Western Thought Section: Editor’s Opening Remarks

Matthew Kritz, Princeton University

A few friends voiced their surprise. “Isn’t that a Jewish journal? What’s a Western thought section doing there?”

I wasn’t bothered by the question; in fact, I asked it myself. That a forum for undergraduate thought directed primarily towards Jewish thought, history, culture, and politics would devote an entire section to Western thought caught me off guard. At first I thought I misunderstood: the section would specifically address the relationship between Jewish and Western thought. But that was not to be so. The decision was reached that space would be made for students to grapple with the thinkers and thoughts of the Western intellectual tradition as it is; conversation with Jewish sources would take place elsewhere. As such, the thinking underlying that decision ought to be brought to the fore. Why might a Jew, or the Jews, be interested in the Western canon to begin with? Why is it worthwhile for this publication to create such a forum?

In theory, we should begin with a more basic question that a handful of fancy idioms allowed me to sidestep thus far: What is “Western thought?” “Anything that anyone ever thought (i.e. both wrote down and could afford to publish) in the West (where’s that?)” seems frustratingly broad and markedly meaningless; that would be a section for everything under the sun (or at least to its left). But constructing a list of texts to include in the canon doesn’t seem fair either. Rather, we’ll look at some of the broader areas of study that the Western intellectual tradition engaged and engages with, and we will in turn consider why a Jew today might be interested in joining in this endeavor.

Western philosophical thought has directed its attention to ethics, government, law, knowledge, being, reality, and the divine, just to list some of the big names. Which of these are, or would be (or should be), of interest to contemporary Jews? Moral thought, particularly in the realm of economics, certainly plays its part in the Jewish tradition’s ongoing symphony. We have a vast literature dealing with ethics, from the technicalities of tort law to the theoretical underpinnings gratitude to tales of abounding kindness. Similarly, the Jewish tradition has certainly spilled ink over theology, with issues of omniscience, sanctity, and the basis for belief discussed at length. But some areas have not fared as well.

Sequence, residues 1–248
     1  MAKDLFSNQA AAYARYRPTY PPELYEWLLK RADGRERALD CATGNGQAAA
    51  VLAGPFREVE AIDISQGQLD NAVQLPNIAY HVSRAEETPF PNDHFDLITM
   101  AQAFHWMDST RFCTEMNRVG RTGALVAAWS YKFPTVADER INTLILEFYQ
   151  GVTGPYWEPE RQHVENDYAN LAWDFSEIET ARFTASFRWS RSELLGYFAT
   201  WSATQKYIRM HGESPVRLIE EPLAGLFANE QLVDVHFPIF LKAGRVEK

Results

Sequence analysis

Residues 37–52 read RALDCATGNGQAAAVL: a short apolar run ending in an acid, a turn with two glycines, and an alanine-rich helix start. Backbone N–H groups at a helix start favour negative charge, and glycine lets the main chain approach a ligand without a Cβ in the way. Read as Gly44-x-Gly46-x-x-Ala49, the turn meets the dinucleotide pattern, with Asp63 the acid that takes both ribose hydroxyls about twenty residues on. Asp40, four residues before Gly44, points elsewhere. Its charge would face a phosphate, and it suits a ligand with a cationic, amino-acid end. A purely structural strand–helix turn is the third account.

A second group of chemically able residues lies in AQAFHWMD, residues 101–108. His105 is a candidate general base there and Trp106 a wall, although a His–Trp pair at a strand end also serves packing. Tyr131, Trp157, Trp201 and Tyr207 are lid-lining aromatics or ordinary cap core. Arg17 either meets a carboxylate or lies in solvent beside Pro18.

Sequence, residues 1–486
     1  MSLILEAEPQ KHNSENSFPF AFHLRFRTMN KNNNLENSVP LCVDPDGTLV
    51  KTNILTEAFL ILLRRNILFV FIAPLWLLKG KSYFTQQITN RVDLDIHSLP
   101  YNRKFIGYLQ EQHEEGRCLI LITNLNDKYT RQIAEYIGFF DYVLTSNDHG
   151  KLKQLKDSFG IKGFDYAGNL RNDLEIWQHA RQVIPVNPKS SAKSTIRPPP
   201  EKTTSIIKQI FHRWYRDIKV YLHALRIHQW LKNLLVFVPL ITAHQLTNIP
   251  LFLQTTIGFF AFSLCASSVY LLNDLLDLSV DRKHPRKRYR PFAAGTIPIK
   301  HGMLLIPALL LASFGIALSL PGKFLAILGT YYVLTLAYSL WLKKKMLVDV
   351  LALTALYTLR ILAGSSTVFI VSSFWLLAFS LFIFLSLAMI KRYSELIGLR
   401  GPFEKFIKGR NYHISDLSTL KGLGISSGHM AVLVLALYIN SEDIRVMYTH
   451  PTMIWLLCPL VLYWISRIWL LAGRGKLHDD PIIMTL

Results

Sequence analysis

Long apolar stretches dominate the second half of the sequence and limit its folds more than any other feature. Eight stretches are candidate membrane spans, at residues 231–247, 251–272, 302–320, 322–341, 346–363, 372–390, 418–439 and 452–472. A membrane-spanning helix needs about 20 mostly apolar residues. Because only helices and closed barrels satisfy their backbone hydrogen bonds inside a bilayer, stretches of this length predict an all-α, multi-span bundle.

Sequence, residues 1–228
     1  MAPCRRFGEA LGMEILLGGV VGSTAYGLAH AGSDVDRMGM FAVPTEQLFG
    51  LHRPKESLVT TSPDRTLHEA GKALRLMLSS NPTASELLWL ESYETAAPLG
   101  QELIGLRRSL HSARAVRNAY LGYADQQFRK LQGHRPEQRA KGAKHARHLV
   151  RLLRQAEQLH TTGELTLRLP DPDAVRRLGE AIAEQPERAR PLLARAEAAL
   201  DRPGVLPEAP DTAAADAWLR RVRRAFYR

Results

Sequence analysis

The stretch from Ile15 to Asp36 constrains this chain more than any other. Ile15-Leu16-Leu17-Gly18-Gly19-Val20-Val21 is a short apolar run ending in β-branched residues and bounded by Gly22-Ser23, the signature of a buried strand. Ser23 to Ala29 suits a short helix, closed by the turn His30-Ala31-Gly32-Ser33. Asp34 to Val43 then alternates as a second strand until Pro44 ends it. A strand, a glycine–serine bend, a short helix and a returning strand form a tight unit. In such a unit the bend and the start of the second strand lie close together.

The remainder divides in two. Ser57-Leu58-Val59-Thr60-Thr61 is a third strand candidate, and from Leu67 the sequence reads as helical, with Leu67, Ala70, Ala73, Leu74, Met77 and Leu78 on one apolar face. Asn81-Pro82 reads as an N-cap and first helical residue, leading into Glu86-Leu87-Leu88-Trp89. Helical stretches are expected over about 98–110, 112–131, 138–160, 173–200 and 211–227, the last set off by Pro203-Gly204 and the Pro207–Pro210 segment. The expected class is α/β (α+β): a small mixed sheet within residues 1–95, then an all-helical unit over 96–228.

Politics? Honestly, we’re a little behind on this one. Biblical and early rabbinic texts mention governmental structures rarely at best, and often unfavorably. The development of political thought hadn’t really caught on by the fall of the Second Commonwealth, and since then political thought hasn’t been a pressing matter for Jews, who generally lacked political autonomy (though a handful of exceptions in present-day Poland and Turkey ought not be forgotten). In turn, pre-Zionist political inquiry doesn’t go far beyond a few extended reflections on the role of the king (particularly that of Abarbanel).

But we should be interested. Since the beginning of the Zionist project, when the notion of a return to Jewish political autonomy (re)surfaced, the questions of proper political structures have presented themselves, waiting to be answered. Even with over a century since Zionism’s birth and sixty years since the establishment of the State of Israel behind us, there is a sense of newness to these questions that pervades the discourse even today. And with a dearth of Jewish sources on the matter, a study of Western political philosophy is likely a good place to start (especially as Israel, now and then, attempts to identify with the rest of the West). That’s not to say the Jews have nothing to contribute to the conversation; we have got quite a lot to say about interpersonal ethics, which Aristotle, Hobbes, Rousseau, Locke, and friends all see as the starting point of political discourse. But to figure out how to magnify ethics from the person to the state, the West seems to have a thing or two to say.